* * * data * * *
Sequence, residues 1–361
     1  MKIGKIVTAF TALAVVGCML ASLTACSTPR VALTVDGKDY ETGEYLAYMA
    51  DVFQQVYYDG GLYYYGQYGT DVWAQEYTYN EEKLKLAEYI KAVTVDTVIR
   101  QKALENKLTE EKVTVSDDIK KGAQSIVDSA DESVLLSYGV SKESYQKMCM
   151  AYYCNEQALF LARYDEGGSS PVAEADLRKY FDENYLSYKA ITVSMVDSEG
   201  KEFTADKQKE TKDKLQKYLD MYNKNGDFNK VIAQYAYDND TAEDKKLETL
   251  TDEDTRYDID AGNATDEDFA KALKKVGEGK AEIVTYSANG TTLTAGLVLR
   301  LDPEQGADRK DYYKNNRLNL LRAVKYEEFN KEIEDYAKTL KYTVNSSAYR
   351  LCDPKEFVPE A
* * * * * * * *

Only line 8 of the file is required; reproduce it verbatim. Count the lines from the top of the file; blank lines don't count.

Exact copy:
   301  LDPEQGADRK DYYKNNRLNL LRAVKYEEFN KEIEDYAKTL KYTVNSSAYR